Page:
‘Giant of BBC television’ Cotton dies
Sir Bill Cotton, former head of light entertainment at the BBC and controller of BBC1, has died aged 80.
Cotton became famous for commissioning some of the BBC’s most successful comedy shows in the seventies, including Monty Python’s Flying Circus, Morecambe and Wise, The Two Ronnies, and Dad’s Army.
He was also instrumental in launching Michael Parkinson as a talk show host.
The son of big band leader Billy Cotton, he joined the BBC in 1956 as an in-house producer of light entertainment programmes, working on shows including The Billy Cotton Band Show and the cult pop series Six-Five Special.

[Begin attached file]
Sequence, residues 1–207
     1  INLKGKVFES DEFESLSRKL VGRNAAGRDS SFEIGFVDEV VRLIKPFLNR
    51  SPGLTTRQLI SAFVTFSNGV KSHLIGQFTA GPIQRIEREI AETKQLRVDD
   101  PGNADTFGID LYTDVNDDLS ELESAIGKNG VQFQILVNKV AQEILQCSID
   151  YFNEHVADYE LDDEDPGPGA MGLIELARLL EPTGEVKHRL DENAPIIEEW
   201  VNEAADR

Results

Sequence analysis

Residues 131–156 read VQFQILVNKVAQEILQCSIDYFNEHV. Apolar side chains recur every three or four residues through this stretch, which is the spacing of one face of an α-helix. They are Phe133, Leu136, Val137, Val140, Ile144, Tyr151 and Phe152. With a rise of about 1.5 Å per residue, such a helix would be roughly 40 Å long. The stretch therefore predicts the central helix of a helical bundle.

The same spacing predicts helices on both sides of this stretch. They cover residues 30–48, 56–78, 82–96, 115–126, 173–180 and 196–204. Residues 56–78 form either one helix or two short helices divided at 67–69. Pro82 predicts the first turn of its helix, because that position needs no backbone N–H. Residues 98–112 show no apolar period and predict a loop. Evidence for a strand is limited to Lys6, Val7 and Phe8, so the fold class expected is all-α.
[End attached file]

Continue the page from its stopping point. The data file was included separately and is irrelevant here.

He was the BBC head of light entertainment from 1970-1977, before becoming controller of BBC1, a post he held for four years. Cotton was the BBC’s managing director of television from 1981 until his retirement. He was appointed OBE in 1976 and CBE in 1989 and knighted in 2001 for his services to broadcasting.
After retiring from the BBC, he became chairman of Noel Gay Television and of the ITV company Meridian. For ten years, he acted as agent for the broadcaster Sue Lawley.
Mark Thompson, director general of the BBC, said Cotton was “one of the giants of BBC television” who had brought “countless programmes to the screen which themselves became legends. He was both a great impresario and a passionate believer in public service broadcasting.”
He died in Bournemouth on August 11, 2008. A full obituary will appear in a future issue of The Stage newspaper.
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